FTC Warns Hotels About Hidden Fees

The Federal Trade Commission (FTC) has warned 22 hotel operators that they may be violating the law in providing deceptively low estimates of room rates. Mandatory surcharges such as resort fees are not clearly included in price quotes consumers find on hotel reservation web sites.

The FTC sent the 22 hotel organizations a strongly worded letter in late November 2012 based on complaints it had received from hotel guests, Meetings and Conventions magazine recently reported. Consumers complained that they were not aware that they would be required to pay mandatory fees—often called “resort fees”—for such amenities as newspapers, Internet access, and exercise and pool facilities. These charges can be as high as $30 per night, an amount, the FTC letter said, that could “certainly affect consumer pricing decisions,” according to Meetings and Conventions.

Fees and surcharges are lucrative for the hospitality industry. In an August 2012 report, Dr. Bjorn Hanson, dean of the Tisch Center for Hospitality, Tourism and Sports Management at New York University estimated that U.S. hotels would collect about $1.95 billion in fees for 2012, with resort fees representing less than half the total.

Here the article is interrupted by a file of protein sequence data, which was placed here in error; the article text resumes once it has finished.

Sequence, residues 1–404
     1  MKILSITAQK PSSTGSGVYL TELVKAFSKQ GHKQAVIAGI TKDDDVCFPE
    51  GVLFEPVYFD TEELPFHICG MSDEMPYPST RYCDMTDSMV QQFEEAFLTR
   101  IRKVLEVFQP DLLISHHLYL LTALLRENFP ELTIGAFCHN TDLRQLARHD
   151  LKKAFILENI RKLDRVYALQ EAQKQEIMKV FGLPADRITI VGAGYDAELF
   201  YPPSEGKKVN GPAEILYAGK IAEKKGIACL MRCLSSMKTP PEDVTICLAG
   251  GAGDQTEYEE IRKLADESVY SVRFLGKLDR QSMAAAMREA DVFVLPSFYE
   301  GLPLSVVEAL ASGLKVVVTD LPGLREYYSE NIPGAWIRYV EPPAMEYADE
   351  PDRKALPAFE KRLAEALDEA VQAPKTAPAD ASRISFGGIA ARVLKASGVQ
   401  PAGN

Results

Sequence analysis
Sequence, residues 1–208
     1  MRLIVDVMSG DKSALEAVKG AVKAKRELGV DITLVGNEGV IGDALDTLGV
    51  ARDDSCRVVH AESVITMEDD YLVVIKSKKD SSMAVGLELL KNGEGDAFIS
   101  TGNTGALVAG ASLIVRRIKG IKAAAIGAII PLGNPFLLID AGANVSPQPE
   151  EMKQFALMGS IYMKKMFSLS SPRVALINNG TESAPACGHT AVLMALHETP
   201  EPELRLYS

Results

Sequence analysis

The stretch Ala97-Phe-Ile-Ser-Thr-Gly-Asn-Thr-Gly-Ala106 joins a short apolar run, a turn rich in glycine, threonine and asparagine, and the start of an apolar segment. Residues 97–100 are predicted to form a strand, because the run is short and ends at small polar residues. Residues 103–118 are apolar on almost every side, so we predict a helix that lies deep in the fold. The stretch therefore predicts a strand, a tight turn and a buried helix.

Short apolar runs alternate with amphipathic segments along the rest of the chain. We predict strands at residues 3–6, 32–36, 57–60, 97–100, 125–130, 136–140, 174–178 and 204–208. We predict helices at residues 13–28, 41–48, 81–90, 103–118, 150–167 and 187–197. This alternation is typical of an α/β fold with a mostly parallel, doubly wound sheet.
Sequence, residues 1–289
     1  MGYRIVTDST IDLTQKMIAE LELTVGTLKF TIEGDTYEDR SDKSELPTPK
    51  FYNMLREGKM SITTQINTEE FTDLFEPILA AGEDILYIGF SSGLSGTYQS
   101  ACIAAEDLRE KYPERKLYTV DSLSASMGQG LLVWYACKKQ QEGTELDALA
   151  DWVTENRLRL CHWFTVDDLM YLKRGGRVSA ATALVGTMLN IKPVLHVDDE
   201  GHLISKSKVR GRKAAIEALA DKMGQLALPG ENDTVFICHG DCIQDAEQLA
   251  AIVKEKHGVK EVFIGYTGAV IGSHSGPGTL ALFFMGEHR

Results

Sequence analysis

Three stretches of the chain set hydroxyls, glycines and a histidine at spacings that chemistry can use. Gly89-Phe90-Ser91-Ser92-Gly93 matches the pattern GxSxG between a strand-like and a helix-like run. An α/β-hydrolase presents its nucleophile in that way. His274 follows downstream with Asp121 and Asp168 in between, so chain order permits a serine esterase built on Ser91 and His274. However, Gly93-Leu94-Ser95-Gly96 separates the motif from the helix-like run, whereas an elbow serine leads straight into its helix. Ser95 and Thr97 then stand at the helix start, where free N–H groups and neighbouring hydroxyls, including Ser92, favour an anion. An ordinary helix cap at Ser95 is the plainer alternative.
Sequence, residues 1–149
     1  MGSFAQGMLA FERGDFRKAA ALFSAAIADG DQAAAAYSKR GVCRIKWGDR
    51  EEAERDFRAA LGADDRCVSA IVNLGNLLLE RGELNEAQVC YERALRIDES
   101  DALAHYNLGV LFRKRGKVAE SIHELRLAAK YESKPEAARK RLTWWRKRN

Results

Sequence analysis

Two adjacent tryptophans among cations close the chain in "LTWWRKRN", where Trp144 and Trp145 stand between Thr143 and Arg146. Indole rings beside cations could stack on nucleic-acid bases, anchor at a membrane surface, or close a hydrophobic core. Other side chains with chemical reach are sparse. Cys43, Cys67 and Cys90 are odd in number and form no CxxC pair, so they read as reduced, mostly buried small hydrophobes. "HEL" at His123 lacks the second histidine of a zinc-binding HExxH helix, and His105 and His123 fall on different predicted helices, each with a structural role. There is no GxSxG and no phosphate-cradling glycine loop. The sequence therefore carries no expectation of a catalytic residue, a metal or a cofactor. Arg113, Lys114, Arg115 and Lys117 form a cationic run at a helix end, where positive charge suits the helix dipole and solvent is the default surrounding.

At issue for the FTC is that any mandatory fees should be clearly shown in the total room price. After reviewing a number of hotel reservation sites, the FTC concluded that some hotels hide resort fees or do not identify them at all. Dean Hanson of the Tisch Center noted that it’s been a burden on consumers to find the fees, adding that while he does not believe this was an attempt to defraud consumers, “I do think it has been complicated, in an area where consumers didn’t expect things to be complicated.”

A staff attorney for the FTC Bureau of Consumer Protection told Meetings and Conventions that the FTC will work with the hotel operators to make the changes the FTC believes necessary, namely, “including all the mandatory fees in the total price.”

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